Around 260 million people, more than three percent of the world's population, are chronically infected with the hepatitis B virus (HBV); in the long term, this often leads to complications such as cirrhosis of the liver or liver cancer. A cure is not yet possible with existing drugs. Scientists at the German Center for Infection Research (DZIF) and the University Medical Center Eppendorf (UKE) have now found a combination therapy that shows high efficacy in the model.
The new therapeutic approach is based on silencing the viral hepatitis B genome, which is located in the nucleus of infected liver cells. After infection of the liver cell, the viral genome in the cell nucleus is converted into a closed DNA ring molecule. This deoxyribonucleic acid is a stable, so-called covalently closed circular DNA (cccDNA), which serves as a template for the production of new viruses. The cccDNA is the central reservoir of the hepatitis B viruses and enables them to survive in the liver. The virologist Prof. Dr. Maura Dandri and her team at the UKE were able to prevent the HBV cccDNA from producing further viruses in an animal model.
The target of their therapy is the viral protein HBx, which protects the ring-shaped HBV DNA in the cell nucleus from silencing by preventing a host-specific factor (SMC complex) from binding to it. On the one hand, they treated the animals with the antiviral cytokine interferon-alpha, an endogenous substance of the immune system; on the other hand, they suppressed the formation of the protein HBx by RNA interference, a method in which the conversion of RNA into protein is hindered. In both cases, they were able to reduce the HBx concentration and thus silence the cccDNA. They additionally combined this treatment with the administration of Bulevirtide, which can prevent the viruses from entering the cells and thus re-infecting them. In this way, the effect of cccDNA silencing was maintained even after treatment ended. Bulevirtide, better known under the research name Myrcludex, was co-developed at the DZIF and recently approved as an active agent against hepatitis D on the European market.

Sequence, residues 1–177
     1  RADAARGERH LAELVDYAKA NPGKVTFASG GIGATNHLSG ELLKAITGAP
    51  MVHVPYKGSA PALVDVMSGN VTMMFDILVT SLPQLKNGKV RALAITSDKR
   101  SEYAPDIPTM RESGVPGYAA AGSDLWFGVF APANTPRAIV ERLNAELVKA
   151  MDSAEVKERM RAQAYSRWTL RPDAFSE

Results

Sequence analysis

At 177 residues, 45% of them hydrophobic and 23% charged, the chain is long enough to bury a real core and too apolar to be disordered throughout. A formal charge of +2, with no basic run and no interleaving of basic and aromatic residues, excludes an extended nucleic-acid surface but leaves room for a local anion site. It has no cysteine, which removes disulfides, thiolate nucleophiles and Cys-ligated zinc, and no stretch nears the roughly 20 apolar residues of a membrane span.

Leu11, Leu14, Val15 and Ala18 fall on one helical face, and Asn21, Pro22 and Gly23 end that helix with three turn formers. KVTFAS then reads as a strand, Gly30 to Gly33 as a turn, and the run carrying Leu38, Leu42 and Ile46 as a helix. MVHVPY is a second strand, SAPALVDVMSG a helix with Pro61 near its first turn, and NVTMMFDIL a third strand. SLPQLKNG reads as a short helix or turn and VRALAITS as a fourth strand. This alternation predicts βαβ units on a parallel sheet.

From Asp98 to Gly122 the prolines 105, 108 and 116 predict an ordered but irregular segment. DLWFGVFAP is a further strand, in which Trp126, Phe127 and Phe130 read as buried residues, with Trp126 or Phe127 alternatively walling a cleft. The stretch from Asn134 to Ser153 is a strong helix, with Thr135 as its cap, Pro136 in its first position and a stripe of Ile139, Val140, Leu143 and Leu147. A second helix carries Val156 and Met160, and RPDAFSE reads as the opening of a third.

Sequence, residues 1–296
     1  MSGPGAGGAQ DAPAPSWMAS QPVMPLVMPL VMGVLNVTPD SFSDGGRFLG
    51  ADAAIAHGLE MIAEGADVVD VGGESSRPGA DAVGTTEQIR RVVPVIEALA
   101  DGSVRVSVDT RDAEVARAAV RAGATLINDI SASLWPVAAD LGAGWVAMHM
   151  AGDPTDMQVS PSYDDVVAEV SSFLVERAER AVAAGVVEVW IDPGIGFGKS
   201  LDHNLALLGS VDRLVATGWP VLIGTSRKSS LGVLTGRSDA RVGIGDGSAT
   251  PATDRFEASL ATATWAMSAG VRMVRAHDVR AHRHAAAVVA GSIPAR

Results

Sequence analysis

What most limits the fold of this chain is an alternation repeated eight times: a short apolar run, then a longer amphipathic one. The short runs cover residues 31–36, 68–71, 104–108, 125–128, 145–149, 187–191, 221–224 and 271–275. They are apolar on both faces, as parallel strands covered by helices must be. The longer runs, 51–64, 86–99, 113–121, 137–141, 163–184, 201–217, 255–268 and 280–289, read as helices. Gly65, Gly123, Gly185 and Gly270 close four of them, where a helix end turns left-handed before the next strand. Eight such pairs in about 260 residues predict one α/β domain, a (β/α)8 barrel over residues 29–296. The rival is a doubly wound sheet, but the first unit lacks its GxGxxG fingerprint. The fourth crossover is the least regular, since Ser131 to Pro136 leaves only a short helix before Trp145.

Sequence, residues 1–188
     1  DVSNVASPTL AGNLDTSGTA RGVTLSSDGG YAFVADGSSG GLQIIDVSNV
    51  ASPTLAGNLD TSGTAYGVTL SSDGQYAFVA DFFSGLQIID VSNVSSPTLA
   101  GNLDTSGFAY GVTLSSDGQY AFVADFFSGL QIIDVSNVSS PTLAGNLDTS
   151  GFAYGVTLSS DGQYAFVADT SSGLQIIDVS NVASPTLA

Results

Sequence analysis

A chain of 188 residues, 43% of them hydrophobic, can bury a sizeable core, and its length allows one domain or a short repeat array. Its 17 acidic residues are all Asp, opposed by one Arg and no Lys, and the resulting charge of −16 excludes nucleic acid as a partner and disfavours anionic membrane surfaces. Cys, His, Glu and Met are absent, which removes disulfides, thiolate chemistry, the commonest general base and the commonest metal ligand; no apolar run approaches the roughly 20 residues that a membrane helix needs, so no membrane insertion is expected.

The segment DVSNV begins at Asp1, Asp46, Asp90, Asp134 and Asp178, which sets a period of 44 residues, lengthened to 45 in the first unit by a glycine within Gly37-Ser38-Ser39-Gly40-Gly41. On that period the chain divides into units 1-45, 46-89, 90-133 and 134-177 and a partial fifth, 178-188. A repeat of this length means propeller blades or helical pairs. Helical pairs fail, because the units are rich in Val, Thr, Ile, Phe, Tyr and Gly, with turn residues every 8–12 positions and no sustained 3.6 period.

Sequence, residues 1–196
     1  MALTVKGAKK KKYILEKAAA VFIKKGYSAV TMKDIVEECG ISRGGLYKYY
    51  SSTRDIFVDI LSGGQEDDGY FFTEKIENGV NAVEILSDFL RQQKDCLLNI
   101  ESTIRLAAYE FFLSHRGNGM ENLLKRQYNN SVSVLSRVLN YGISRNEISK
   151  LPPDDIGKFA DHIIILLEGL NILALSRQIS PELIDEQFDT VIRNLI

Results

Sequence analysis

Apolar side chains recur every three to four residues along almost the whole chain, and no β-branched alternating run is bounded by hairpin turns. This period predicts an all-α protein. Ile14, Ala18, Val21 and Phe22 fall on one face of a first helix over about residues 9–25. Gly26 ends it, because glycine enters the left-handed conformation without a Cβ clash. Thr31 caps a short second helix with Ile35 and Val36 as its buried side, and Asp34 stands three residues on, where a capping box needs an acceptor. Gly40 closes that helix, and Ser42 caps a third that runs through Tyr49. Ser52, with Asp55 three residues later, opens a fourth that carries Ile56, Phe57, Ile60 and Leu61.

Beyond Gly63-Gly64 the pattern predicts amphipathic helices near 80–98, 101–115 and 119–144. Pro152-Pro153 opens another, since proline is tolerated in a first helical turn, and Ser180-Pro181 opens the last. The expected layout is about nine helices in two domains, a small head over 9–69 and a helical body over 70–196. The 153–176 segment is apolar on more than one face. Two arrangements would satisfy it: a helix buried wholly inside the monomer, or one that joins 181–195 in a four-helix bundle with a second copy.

"This combination therapy was able to sustainably silence the cccDNA in the nucleus," explains Prof Dandri. She heads the "HBV Cure" project at the DZIF and the "Viral Hepatitis" working group at the UKE. Even though it has only been tested in the mouse model so far, Prof Dandri is convinced of the combination: "These results show that the HBV genome can be switched off with certain combination therapies. These approaches can now be applied in clinical trials to achieve a functional cure for chronic hepatitis B."